Li Gang
"Li Gang"

November 5, 2016 - February 19, 2017
Galerie Urs Meile Beijing


Galerie Urs Meile is pleased to announce the opening of Li Gang, the fifth solo exhibition by Chinese artist Li Gang (b. 1986 in Dali, Yunnan Province, China). The exhibition’s works are divided into two main categories: paintings and sculptures. The entire exhibition revolves around ‘the aesthetics of imperfection’ as a tone and starting point.

Li Gang’s artistic practice originated in painting, and the language he has developed is unique. It travels between the figurative and the abstract and hides the ontological point that the artist started from: a deep ref lection on the existence of painting itself. In the Oil Painting series (Oil Painting, 2016, oil on hand-made canvas, 125 x 122 cm), the artist attempts to let painting return to its original form through deconstruction and reconstruction. This is to both discover new possibilities for drawing and also emphasize the composition of oil paint itself. Limited by neither creative theme nor approach, it is the main method of the artist’s long-term in-depth exploration of painting’s boundaries. The show will include a number of his recent paintings.

Sculpture is the second main category of Li Gang’s artistic expressions. He experiments with diverse materials that often carry specific meaning in traditional Chinese culture. By playing with materials and techniques the artist creates autonomous, abstract sculptures.

Among other sculptures in the exhibition, the Gravity series (Gravity 6, 2016, jade bracelets, steel tubes, 350 x 91 x 75 cm) is about seeing and capturing male-female relationships within a population of migrants. Working in jade and steel, the artist obfuscates the normal functional purposes of the materials, instead emphasizing that the two materials together constitute a unique aesthetic. The work is a realization of the artist’s pursuit of a realistic means of metaphoric expression.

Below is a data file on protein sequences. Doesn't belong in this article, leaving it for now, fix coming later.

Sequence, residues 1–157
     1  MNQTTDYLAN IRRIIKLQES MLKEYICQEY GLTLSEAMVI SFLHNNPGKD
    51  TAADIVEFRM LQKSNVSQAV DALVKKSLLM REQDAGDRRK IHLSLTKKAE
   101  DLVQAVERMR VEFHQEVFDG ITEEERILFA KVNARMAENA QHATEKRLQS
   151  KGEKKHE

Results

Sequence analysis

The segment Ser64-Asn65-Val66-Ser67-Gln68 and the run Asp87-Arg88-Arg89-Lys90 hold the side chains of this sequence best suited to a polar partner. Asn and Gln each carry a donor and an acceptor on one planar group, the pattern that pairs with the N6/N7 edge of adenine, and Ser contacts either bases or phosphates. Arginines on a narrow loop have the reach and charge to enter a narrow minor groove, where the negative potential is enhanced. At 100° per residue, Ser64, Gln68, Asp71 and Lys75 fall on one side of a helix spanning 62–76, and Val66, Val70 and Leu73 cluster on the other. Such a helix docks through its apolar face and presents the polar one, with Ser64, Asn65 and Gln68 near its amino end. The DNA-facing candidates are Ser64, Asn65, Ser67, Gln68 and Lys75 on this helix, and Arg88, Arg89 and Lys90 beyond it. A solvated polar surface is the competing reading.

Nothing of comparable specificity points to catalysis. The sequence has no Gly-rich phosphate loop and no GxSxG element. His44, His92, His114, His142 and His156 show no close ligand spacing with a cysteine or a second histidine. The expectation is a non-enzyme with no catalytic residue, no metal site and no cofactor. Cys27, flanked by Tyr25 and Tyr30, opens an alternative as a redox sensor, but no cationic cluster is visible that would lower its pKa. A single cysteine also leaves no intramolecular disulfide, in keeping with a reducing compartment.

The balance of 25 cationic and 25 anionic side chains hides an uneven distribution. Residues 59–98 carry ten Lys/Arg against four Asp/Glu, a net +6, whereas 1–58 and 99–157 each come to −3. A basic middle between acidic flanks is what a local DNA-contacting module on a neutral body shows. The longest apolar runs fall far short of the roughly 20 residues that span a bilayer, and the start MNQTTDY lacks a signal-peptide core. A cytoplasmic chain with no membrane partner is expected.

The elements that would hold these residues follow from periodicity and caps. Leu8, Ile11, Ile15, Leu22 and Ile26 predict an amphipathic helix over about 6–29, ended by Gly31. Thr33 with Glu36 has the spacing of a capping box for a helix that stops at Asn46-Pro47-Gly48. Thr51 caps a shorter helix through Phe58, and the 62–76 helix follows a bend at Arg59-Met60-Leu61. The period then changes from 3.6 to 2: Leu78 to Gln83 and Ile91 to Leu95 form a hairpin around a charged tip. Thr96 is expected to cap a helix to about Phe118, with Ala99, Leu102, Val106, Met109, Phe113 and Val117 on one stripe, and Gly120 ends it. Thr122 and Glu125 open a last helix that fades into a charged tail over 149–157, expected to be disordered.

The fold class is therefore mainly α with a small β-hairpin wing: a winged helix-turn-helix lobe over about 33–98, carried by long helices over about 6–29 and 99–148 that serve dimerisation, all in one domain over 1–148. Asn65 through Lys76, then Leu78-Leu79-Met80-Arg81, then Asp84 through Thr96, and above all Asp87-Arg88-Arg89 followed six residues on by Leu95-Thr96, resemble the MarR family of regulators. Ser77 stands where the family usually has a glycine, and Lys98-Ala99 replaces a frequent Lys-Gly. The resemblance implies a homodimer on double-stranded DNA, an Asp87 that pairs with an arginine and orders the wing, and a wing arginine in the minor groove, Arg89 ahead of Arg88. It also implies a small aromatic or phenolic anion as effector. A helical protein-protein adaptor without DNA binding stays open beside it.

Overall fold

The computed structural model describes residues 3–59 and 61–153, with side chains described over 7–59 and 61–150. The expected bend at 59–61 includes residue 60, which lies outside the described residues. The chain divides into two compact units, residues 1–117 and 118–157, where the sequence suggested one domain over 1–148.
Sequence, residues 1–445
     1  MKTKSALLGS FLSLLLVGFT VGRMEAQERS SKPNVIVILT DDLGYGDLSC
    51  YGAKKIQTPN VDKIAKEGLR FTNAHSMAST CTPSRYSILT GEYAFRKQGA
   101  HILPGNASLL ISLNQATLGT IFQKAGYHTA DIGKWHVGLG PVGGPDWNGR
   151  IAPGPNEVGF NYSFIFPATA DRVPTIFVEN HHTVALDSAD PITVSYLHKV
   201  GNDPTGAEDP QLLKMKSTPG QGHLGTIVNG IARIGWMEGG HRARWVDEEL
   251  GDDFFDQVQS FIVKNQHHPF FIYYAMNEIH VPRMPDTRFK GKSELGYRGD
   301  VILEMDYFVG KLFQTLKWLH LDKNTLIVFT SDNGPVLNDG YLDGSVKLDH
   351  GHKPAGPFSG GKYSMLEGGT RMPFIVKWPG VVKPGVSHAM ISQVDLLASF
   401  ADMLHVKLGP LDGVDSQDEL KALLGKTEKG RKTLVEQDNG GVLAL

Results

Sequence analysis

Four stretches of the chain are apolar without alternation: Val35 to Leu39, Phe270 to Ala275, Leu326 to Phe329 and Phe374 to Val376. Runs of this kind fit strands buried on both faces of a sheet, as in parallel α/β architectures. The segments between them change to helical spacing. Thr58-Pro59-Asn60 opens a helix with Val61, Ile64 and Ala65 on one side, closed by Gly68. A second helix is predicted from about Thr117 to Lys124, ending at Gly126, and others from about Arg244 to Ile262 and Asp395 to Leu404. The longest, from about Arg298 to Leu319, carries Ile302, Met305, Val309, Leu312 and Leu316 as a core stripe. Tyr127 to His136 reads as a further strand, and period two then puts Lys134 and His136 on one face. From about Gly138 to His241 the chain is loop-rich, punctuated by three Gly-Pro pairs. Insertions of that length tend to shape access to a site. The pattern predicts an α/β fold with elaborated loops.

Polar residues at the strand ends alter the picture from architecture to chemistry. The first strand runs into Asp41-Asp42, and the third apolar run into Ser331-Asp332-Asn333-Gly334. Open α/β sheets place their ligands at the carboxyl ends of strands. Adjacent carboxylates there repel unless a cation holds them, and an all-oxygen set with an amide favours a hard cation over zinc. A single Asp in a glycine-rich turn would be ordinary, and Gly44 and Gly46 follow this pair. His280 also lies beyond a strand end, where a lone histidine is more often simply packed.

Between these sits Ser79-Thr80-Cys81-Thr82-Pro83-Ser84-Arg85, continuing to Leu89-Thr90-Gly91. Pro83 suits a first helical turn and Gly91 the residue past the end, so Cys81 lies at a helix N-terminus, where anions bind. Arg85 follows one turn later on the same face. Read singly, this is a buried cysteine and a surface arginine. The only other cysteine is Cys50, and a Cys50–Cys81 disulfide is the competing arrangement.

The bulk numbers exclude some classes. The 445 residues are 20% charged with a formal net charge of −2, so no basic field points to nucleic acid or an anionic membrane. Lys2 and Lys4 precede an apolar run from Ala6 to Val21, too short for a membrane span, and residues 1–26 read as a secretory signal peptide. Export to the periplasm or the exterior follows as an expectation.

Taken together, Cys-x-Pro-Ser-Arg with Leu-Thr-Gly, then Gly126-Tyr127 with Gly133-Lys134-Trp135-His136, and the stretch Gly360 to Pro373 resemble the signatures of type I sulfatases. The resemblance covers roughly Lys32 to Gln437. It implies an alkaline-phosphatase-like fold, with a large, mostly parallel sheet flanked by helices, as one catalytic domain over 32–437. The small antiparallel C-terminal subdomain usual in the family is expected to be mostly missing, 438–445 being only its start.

To create Dessert (2015, plaster, rebar, hair, discarded kettles and pots, 32 pcs, sizes vary from 43 x 30 x30 cm to 85 x 78 x 78 cm), Li Gang used human hair and plaster, as well as the discarded kettles and pots of migrant workers. In fact, he combined a diverse array of materials and items that migrants use in their daily life. The connection of human hair – in this case the artist collected hair from the migrants – and plaster is a technique traditionally used to stabilize walls. While plaster gives the f lexibility to create any kind of shape, the hair is used to stabilize and avoid cracks. These unexpected material combinations reach not only a singular beauty, but an immediate ref lection of the artist’s understanding of reality.

False or True (2014-2016, 220 x 122 x 122 cm (machine); 12 x 16 x 16 cm (sculpture 1); 16 x 23 x 17 cm (sculpture 2); 24 x 26 x 23 cm (sculpture 3); 19 x 25 x 15 cm (sculpture 4)) is an experimental work that explores aura and space. The artist uses mechanical principles to collect water from the air of the spaces. Water droplets that form from the air are collected by gypsum cement powder. They then solidify arbitrarily into different spatial sculptures according to the rate at which the water drips. This is how he achieves the visualization of auras. On the exhibition’s opening day, this machine, designed by the artist, will operate and create in real-time.

Li Gang was born in Dali, Yunnan Province in 1986 and studied oil painting at Yunnan Dali Academy in Dali, as well as art at the Central Academy of Fine Arts’ Department of Experimental Art in Beijing. His recent  exhibitions include: Inventing Ritual, Louis Vuitton Foundation Museum, Paris, France (2016); CONFRONTING ANITYA Oriental Experience in Contemporary Art, Gasometer Kulturzentrum, Liechtenstein (2016); and Inside China: L’Intérieur du Géant, Palais de Tokyo, Paris, France (2014) which then toured to K11 Art Foundation Pop-up Space in Hong Kong and chi K11 art museum in Shanghai in 2015. In addition, he has also participated in inf luential biennials including The 6th Moscow Biennial (2015) and The 3rd Ural Industrial Biennial of Contemporary Art (2015).